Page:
EDITOR'S NOTE: Amanpour's full interview with Brahimi can be seen here.
By Mick Krever, CNN
People on both sides of Syria’s civil war now agree that there is no military solution to the conflict, Lakhdar Brahimi, U.N. special envoy for Syria, told CNN’s Christiane Amanpour on Wednesday.
“Some time ago, both sides were absolutely certain that they are winning,” Brahimi said. Now, “individuals on each side tell me that there is no military solution.”
The U.N. announced on Monday that new Syria peace talks would be held in Geneva, Switzerland, in January, but the full list of attendees is still unknown.
One of the more contentious invitees is Iran, which has said that if invited it would “participate without any preconditions.”
Brahimi supports Iran’s attendance, as do the U.N. secretary-general and the secretary-general of the Arab League.
The U.S. has expressed openness to Iran participating, but would like to see Tehran accept the framework of a June 2012 agreement that calls for a transitional government to be formed by mutual consent of all sides.
“In a conference like this, you don't invite only onlookers,” Brahimi said. “You invite people who have influence.”
Many observers say that Syrian President Bashar al-Assad would have been defeated some time ago were it not for the help he receives from Iran, in the form of military support, Iranian Revolutionary Guard fighters, and militants from Iran-backed Hezbollah.
Amanpour put this claim to Brahimi.
“If half of what you say is true, then Iran must have a hell of a lot of influence,” he said. “And that is why it should be there.”
Brahimi told Amanpour that he had spoken “at length” with the Iranians, and was encouraged by their attitude.
They have told him, he recounted, “‘If you think you can invite us without any conditions, we'll be happy to come and we will be constructive. If you can’t, that's fine. We will be supportive anyway.’”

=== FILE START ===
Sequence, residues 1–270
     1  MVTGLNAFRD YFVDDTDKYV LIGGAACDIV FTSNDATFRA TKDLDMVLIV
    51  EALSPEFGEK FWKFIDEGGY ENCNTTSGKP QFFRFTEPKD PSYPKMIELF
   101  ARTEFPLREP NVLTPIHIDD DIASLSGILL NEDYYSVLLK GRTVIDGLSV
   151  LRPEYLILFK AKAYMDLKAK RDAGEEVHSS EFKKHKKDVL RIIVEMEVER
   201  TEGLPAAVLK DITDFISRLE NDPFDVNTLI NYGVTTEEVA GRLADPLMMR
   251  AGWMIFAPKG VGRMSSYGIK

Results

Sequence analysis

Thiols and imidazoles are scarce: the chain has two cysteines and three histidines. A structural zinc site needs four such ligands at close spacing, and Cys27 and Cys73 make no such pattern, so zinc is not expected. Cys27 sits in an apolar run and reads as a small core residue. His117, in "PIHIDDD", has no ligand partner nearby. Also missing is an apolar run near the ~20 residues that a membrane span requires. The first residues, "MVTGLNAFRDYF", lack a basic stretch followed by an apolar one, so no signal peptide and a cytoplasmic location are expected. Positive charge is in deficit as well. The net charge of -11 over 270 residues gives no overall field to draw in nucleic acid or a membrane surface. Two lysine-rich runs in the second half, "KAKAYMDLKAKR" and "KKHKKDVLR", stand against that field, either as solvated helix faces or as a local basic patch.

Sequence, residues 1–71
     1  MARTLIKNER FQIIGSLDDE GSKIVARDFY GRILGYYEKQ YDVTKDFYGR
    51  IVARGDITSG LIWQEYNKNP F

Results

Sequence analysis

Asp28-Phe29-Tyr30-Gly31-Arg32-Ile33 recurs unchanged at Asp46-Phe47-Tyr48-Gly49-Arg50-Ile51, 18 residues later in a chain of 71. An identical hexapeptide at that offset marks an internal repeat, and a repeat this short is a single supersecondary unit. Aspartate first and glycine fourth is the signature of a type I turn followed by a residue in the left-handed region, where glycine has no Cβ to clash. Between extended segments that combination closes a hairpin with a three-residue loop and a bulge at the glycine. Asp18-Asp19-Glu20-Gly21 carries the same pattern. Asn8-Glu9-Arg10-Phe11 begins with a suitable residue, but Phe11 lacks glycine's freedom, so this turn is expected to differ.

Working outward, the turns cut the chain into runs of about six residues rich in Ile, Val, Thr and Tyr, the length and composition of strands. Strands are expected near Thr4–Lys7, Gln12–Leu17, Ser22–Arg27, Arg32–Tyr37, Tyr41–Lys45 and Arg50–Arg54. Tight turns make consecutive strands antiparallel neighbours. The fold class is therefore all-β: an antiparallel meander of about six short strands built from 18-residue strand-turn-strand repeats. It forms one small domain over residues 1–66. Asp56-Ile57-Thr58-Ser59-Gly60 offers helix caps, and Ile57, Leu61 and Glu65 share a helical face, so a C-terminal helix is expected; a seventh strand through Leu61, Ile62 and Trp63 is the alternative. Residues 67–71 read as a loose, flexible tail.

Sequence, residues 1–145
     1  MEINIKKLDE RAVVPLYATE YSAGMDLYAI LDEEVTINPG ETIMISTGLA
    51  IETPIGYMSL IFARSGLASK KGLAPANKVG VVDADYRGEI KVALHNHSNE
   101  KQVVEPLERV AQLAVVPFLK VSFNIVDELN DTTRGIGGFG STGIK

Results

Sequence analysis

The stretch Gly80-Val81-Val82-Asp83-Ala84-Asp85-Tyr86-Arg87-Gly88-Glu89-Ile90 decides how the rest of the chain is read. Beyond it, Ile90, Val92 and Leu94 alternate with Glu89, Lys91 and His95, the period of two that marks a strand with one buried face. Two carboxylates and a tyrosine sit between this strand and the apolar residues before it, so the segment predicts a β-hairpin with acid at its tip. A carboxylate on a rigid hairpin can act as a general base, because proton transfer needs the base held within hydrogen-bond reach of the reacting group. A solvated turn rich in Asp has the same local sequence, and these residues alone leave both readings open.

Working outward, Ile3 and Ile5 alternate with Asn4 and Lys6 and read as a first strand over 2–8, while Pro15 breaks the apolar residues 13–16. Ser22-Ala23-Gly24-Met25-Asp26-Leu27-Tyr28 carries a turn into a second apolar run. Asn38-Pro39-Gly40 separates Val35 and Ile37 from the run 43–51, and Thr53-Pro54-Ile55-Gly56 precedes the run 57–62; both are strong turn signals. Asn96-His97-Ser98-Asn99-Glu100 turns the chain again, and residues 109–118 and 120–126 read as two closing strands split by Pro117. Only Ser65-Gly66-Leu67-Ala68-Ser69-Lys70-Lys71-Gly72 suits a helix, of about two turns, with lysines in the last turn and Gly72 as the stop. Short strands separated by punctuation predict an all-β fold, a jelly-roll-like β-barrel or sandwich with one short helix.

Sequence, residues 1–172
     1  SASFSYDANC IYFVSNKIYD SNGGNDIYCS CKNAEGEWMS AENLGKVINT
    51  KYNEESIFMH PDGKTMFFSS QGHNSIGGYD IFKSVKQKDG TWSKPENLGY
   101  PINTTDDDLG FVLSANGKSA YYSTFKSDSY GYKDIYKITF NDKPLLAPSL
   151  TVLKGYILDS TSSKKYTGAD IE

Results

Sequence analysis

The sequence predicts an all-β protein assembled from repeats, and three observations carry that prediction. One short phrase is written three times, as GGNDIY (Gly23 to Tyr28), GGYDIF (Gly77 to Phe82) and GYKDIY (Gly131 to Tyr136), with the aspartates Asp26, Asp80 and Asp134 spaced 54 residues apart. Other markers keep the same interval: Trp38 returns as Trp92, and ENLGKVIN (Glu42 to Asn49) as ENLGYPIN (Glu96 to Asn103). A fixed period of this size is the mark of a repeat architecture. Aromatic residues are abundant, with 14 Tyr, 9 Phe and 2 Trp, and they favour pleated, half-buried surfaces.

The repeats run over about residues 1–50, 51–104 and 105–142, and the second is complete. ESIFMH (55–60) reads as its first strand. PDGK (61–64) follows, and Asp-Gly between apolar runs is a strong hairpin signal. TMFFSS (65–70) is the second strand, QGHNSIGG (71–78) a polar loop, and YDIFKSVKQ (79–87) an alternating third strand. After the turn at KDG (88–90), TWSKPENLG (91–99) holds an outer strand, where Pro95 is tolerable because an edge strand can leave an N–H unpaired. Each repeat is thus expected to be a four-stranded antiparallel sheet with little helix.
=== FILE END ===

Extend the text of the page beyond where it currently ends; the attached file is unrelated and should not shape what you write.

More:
The starting point of this new round of talks is that June 2012 agreement, known as the Geneva Communique.
That document called for “an immediate cessation of violence in all its forms” as a step towards further talks. Brahimi admitted that “things have changed” since then.
“There will be no cease-fire,” he said. “So we are now calling on the parties who are coming to Geneva to see if they can take any confidence-building measures.”
Among those steps, he said, would be “diminishing” the level of violence, releasing prisoners, and facilitating the arrival of humanitarian aid.
Brahimi said that the Syrian government had made “very promising” pledges about improving the flow of humanitarian aid and said that he was also speaking to the opposition about allowing better access.
The Syrian government has confirmed it will attend. The opposition has also said it will participate, Brahimi said, despite having “questions, fears, and doubts.”
Indeed, just what the “opposition” means is a worthwhile question, as most observers agree that it is incredibly fractured. The moderate opposition military wing supported by the United States, the Free Syrian Army, has said it will not attend, though it is not clear if it was invited in the first place.
“The fracturing of society in Syria is such that you cannot hope to have everybody, every single group and individual represented in the beginning of this process,” Brahimi said. “If we have a group that is reasonably representative of the political opposition to the present regime, I think we can start.”
Syria’s deputy foreign minister, Faisal al Mekdad, told CNN’s Fred Pleitgen on Monday that there should be no preconditions to the talks, but insisted that al-Assad would be involved in any transitional government, in effect setting a precondition.
“What has been said is that there will be no preconditions,” Brahimi responded, “but once the conference starts the parties will be free to put on the table issues that they feel strongly about.”
The fact that it has taken so long for this second round of peace talks to get under way is “embarrassing,” Brahimi said – indicative of how complicated and difficult the situation is.
Nonetheless, he was confident that the conference would go on as planned.
“We are going into this with our eyes open,” he said. “We know it's not going to be easy. We know that there are hurdles already now, as we speak. And there will be more hurdles as we come nearly to the conference.”
“We want this to succeed. We want Syria to get out of this black tunnel it has been engulfed in.”